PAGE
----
By Terry S. Welch Municipal Law Theories by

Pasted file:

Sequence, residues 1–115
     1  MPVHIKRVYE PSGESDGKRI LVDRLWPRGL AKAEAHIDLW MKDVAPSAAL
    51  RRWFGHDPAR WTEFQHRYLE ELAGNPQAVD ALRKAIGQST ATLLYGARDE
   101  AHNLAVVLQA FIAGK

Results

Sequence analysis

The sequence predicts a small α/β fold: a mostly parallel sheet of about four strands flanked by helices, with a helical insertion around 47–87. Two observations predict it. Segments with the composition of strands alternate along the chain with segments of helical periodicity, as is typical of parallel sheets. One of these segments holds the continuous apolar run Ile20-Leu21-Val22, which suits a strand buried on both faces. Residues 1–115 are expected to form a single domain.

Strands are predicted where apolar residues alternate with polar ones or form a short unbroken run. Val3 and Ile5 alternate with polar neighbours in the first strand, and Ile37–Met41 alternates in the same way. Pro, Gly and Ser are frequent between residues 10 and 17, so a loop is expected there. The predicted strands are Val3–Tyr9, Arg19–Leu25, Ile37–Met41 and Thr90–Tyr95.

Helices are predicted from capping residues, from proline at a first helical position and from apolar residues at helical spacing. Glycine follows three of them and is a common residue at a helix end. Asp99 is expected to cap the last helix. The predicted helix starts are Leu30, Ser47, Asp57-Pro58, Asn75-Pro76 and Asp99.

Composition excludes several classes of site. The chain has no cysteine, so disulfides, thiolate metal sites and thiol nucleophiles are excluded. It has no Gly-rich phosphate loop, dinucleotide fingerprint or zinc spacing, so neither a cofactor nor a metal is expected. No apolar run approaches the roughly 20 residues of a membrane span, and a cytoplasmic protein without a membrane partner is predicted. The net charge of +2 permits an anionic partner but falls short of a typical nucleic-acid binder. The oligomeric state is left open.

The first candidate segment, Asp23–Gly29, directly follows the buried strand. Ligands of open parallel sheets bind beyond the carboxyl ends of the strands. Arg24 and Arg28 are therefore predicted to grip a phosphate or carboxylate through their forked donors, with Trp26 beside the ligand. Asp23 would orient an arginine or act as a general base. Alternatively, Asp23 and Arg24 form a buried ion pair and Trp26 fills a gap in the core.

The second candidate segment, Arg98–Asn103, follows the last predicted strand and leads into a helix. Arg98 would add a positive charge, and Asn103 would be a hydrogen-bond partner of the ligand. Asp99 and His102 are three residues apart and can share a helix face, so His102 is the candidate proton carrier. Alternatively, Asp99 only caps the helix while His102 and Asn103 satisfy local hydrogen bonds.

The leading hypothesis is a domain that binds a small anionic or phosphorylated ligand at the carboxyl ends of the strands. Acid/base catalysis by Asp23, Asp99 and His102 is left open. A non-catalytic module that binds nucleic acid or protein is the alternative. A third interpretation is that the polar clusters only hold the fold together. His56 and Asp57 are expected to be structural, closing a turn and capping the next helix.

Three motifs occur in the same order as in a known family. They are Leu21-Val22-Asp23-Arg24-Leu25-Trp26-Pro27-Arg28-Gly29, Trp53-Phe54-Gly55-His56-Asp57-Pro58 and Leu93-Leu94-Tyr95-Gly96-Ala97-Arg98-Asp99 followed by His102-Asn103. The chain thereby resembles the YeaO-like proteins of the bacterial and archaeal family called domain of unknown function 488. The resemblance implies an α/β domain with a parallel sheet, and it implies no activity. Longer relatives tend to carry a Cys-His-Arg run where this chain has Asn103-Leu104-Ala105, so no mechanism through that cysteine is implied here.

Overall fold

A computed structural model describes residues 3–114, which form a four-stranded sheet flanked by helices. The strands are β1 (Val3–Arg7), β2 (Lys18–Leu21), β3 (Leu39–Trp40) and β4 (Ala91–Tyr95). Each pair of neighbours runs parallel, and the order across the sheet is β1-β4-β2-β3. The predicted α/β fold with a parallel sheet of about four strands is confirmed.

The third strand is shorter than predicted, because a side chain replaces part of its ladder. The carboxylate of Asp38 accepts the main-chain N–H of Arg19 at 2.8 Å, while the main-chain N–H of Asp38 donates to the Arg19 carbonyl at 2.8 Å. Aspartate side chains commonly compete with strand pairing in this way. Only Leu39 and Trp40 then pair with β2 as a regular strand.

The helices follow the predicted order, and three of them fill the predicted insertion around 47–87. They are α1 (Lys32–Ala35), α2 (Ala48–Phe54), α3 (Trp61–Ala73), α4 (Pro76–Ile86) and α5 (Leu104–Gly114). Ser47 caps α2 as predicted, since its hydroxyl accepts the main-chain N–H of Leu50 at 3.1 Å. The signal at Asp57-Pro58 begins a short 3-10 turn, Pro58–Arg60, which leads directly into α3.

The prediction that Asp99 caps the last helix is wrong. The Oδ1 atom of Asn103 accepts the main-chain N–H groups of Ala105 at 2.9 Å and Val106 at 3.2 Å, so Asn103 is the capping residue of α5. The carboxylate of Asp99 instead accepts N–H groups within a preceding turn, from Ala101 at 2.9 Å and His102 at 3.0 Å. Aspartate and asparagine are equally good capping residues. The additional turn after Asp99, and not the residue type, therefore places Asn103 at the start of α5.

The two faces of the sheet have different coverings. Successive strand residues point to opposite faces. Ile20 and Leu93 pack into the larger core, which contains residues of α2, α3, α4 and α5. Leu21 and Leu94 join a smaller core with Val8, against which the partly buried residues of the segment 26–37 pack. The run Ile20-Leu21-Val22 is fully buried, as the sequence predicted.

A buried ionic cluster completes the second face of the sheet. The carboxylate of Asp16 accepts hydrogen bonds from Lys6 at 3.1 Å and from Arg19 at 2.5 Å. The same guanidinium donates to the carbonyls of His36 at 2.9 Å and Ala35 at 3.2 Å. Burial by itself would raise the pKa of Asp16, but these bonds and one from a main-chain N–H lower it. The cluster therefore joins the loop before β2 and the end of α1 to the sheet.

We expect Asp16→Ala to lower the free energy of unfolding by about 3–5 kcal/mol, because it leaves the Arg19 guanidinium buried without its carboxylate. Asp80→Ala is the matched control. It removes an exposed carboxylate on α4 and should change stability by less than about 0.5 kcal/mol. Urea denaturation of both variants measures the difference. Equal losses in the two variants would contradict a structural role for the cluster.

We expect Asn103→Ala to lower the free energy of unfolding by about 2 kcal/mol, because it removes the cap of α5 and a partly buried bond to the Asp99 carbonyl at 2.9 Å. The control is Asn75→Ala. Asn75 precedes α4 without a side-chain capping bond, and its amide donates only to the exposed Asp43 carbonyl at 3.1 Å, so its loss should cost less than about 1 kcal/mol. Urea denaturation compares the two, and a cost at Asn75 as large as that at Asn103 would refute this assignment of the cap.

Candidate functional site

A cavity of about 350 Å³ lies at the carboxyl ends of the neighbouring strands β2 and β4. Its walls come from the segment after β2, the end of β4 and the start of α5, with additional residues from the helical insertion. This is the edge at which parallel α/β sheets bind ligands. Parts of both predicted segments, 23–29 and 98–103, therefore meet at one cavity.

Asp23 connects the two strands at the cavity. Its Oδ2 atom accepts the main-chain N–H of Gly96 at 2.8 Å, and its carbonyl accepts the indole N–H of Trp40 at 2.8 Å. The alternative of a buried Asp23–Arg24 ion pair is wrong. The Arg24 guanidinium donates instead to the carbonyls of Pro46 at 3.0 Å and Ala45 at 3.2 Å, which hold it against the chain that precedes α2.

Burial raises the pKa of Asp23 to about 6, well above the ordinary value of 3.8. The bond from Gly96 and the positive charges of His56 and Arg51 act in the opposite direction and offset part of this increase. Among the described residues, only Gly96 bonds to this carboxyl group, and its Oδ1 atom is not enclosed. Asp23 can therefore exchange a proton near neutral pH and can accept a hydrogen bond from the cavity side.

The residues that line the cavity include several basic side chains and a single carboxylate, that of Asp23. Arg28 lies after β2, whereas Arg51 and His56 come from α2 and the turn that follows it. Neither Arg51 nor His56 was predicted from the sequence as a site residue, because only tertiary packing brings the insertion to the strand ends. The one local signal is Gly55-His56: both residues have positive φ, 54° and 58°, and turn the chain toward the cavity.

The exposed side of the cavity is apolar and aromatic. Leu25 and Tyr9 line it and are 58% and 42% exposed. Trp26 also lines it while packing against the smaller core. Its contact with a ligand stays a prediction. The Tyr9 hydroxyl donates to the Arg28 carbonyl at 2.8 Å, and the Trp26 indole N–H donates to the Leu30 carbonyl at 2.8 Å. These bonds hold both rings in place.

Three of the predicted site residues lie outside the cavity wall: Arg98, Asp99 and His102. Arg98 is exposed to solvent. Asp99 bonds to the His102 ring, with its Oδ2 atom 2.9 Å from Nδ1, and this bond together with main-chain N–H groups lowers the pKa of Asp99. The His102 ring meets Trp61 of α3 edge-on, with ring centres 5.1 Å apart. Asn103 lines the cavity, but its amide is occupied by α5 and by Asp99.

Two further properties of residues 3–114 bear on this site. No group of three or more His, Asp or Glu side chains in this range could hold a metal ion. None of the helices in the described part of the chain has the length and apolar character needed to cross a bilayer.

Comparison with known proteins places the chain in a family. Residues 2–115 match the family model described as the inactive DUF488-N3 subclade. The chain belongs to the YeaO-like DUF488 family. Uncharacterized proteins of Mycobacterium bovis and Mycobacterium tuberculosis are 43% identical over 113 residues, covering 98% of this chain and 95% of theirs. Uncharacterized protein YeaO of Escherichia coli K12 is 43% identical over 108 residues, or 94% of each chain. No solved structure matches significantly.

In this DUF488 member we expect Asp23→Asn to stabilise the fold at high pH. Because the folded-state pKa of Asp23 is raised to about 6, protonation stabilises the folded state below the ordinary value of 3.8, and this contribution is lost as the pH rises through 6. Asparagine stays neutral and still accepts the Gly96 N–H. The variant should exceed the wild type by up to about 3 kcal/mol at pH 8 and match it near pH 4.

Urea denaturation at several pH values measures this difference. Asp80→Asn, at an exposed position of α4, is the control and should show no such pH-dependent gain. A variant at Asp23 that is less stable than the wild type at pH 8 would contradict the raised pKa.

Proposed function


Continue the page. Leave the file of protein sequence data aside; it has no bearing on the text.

In day-to-day municipal land use practice, attorneys and planning staff often are required to address and evaluate whether a city’s land use regulations apply to other governmental entities. While we generally assume municipal zoning powers do not apply to the United States, state or county governments, and there is limited authority relative to public schools, is that actually correct? Are there exceptions in the law that perhaps allow some limited municipal control? And even if municipal control is constitutionally or statutorily preempted, in practice do cities nevertheless have input in the land use decision? The purpose of this paper, and the accompanying presentation, is to provide an overview of the legal aspects of municipal regulation of governmental uses— which term is defined as “uses involving public functions conducted by a governmental entity” 1—as well as address practical issues when cities must deal with land use issues involving other governmental entities. Last, we will address whether a city is exempted from either following or enforcing its own zoning and land use ordinances

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